4 Jan 2015

To the boy I loved

Since 2007, this blog has undergone several changes. Some deletions, some fresh new posts and some randomness. One thing that had remained constant was the presence of 'R' in my posts. Some were mere mentions. Some were all about him. This space was a reminder of everything we've shared. 
This post oscillates between the past and the present. 

Barista: What you like to order ma'am?
R: She would like a hot mocha and a strawberry muffin.
Me: How do you know my order?
R: I just do. Now, would you like to have that mocha with me?

R had always been forthright to the point of being obnoxious. I don't quite remember when I found that charming as opposed to annoying, but that must be around the time I thought of the possibility of 'us'. His brutal honesty bugged me, he never sugar-coated his words, but his sincerity soothed me. Our relationship had always been bipolar - a study in contradictions.


Did you hear the news? I'm so sorry I'm the one to break this to you. 


Me: Why didn't we go party this new year?
R: Because the best way to start this new year is to cuddle with you.

We weren't the one for observing traditional holidays. He made me feel special and cherished on a Wednesday. And on my birthday. Especially on my birthday, when I insisted I be treated like a princess. And whenever I was sick. Especially when I was sick, when I insisted I be treated like a princess.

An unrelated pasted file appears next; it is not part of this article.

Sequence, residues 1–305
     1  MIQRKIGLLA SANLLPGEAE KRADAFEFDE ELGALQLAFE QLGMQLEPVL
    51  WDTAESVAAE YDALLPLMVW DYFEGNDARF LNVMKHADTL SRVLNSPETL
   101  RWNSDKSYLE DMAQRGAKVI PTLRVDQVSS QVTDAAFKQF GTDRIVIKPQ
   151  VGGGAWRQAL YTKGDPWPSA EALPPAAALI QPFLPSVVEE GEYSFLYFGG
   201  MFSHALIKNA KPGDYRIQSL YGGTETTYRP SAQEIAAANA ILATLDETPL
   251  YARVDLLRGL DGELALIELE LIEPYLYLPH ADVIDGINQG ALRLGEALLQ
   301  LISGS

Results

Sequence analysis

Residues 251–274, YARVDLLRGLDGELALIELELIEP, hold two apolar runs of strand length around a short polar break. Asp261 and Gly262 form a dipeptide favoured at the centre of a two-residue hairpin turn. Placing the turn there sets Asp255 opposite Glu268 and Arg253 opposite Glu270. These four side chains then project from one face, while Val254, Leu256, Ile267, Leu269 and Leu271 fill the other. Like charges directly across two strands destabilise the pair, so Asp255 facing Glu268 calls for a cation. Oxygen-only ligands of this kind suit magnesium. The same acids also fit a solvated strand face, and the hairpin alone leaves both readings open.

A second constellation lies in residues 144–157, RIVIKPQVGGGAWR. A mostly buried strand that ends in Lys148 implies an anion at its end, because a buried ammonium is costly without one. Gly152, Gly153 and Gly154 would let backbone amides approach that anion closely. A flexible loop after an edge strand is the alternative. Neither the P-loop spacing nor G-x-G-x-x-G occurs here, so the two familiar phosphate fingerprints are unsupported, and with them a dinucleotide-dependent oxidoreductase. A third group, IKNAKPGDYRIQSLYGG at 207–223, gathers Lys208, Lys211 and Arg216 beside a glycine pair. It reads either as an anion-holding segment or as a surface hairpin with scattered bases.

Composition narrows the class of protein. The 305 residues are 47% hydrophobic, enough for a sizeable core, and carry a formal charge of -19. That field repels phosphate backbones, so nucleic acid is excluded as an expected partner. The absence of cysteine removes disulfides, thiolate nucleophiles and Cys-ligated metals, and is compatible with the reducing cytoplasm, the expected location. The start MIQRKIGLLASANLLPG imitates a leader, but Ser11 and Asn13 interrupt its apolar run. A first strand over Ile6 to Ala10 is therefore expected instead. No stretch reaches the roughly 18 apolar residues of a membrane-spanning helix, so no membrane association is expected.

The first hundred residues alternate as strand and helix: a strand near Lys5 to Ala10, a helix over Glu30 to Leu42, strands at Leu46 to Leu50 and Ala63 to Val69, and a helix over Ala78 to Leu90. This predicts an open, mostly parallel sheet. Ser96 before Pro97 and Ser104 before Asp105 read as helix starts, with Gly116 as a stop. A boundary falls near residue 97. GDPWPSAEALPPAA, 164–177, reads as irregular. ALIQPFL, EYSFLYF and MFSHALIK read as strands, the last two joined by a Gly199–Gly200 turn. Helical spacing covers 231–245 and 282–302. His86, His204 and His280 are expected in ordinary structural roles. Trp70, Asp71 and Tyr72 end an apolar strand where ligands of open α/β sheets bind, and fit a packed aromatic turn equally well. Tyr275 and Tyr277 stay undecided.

Blog quote: R and I spent the day making snowflakes. We promised; no, not undying love for each other, just to finish the lego-truck that we started building. Its yellow. And bright. It was the best Valentine's day I ever had in my life.  


I don't know any details. I don't know who to speak to. I'm hoping this is a mistake. I haven't heard anything about it yet. Let me try Shubh's number again. 


R: Baby, you should try the Guntur chilli chicken. It is awesome!
Me: Thanks. I don't want diarrhea.
R: But baby! They're worth a measly diarrhea. 

For as long as I've known him, he'd been a foodie. He loved experimenting with different cuisines. He enjoyed the meals I made for him as much as he loved going out. His single greatest pleasure was a well-made dish. Hyderabad is littered with restaurants - small and big, which we'd visited.

Blog quote: In my little story, R made his way into my heart through my stomach!


I'm booked on the 5:30 am flight...earliest I could get. I'll reach Hyd by 6:45 am and come straight to your place. 

R: let's go on a trip to the mountains! Nepal or Bhutan.
Me: I've heard it is a beaut! let's goooo.

R and I have traveled to many places, but Bhutan has by far been the most exciting, adventurous and memorable one. 11 days of unadulterated mountains, exploring the villages, seeing snow for the first time (him), climbing treacherous trails to monasteries and snuggling in front of the heater at night. It was one of our best trips together. 

Blog quote: Nighttime is a volley of noises in Paro. Still, in this town where everyone knows everyone, I snuggled up to R and slept late.

His girlfriend is handling everything. She's being strong, holding everyone up, insisting they eat. It isn't easy, but she's taking charge. I'm glad they have her. 

R: Let's get a kitten
Me: But I don't know anything about cats. I'm a dog person
R: I'll teach you. Trust me.